Hallelujia!  We’ll now have another “Reform!” law — this one designed to “reform” our “financial services” industry to prevent any further meltdowns such as that which struck in 2008 and continues to cripple segments of our economy two years later.  The president himself could hardly contain his hyperbole in describing the legislation he is today set to sign into law; he calls it “innovative” and “creative.”  Yet, lurking within its hundreds of pages of fine print, are provisions that will essentially destroy what little financial privacy remains for virtually every consumer of financial services in the country.  In that respect, yes, the legislation certainly is ”creative”; but that is one kind of creativity we can do without.

But it’s really too late.  Thanks to this financial services “reform” law, federal bureaucrats will have ready access to virtually every financial transaction that will take place in the country — from the largest bank acquisition to the …

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Public trusts post office, not Justice Dept. according to survey

Even as the federal government moves to implement the massive health care “reform” President Obama signed into law earlier this year, and as the Census Bureau nears completion of the 2010 census, citizens’ trust in government’s ability to safeguard the privacy of the information it collects on them, remains at a distressingly low level.  The lack of trust Americans have in the federal government is graphically illustrated in two surveys this year conducted by the non-partisan Ponemon Institute, headquartered in Traverse City, Michigan.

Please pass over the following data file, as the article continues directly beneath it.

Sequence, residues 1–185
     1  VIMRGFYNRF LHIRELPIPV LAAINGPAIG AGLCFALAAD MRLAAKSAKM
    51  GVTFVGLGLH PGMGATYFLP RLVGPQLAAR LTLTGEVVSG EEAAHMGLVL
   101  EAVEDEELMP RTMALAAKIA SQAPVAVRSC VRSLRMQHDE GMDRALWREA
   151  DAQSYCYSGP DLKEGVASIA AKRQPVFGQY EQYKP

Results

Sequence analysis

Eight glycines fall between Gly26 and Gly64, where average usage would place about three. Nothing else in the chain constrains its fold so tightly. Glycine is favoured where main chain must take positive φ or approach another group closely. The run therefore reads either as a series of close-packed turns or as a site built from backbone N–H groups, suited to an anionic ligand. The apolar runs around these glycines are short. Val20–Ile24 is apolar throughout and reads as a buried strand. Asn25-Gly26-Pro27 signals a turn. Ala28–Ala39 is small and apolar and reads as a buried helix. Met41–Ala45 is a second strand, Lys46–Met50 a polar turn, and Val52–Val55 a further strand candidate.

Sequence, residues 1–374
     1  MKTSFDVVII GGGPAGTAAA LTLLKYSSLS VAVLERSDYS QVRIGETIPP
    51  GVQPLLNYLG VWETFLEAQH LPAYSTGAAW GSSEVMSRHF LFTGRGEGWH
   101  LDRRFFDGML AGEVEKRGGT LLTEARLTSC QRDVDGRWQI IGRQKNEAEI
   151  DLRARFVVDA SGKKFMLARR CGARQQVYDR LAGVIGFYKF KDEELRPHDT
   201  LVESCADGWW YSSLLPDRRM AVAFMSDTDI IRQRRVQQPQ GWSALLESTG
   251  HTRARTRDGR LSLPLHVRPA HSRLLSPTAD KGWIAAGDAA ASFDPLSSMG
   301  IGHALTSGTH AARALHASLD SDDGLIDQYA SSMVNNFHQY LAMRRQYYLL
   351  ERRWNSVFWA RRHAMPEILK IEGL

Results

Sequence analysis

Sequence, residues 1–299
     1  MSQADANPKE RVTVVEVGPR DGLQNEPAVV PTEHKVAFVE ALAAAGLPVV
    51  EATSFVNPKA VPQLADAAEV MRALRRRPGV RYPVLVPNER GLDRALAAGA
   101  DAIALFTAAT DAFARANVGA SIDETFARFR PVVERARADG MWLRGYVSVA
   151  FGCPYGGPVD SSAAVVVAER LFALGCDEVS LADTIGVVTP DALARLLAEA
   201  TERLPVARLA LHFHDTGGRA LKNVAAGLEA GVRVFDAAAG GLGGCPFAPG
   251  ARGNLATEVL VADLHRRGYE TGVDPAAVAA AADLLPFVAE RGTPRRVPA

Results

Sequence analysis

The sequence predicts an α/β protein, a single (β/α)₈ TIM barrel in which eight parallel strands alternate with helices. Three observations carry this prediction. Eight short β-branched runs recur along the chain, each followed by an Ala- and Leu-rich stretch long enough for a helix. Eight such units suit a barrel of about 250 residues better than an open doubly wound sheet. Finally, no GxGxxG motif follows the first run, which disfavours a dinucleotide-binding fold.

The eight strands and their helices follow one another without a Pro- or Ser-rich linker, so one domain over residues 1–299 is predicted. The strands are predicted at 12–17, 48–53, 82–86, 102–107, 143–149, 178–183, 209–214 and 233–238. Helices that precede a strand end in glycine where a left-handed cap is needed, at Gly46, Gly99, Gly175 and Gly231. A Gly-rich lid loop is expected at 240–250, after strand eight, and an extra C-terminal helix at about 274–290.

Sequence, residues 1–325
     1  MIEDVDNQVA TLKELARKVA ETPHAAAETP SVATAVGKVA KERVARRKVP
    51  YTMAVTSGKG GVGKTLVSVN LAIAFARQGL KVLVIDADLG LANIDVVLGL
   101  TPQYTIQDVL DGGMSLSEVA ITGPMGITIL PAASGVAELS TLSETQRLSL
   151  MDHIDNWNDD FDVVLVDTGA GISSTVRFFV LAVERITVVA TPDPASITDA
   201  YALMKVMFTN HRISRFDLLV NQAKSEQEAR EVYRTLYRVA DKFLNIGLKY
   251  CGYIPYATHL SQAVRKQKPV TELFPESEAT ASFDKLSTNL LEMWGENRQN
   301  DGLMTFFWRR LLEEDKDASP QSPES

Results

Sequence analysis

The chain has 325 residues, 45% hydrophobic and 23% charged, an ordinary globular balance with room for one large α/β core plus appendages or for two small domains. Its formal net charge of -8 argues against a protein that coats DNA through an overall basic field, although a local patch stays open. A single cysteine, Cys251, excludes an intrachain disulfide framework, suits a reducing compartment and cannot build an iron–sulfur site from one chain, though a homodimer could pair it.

The Institute’s signature survey is the annual “Privacy Trust Study of the United States Government.”  This year’s study, released June 30th, surveyed more than 9,000 adults across the country, and asked their views on the trustworthiness of some 75 federal agencies.  The results should – but probably won’t – concern the administration and the heads of many well-known government offices.

As in prior years, the Postal …

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Wine vending machine will be a gold mine of data for government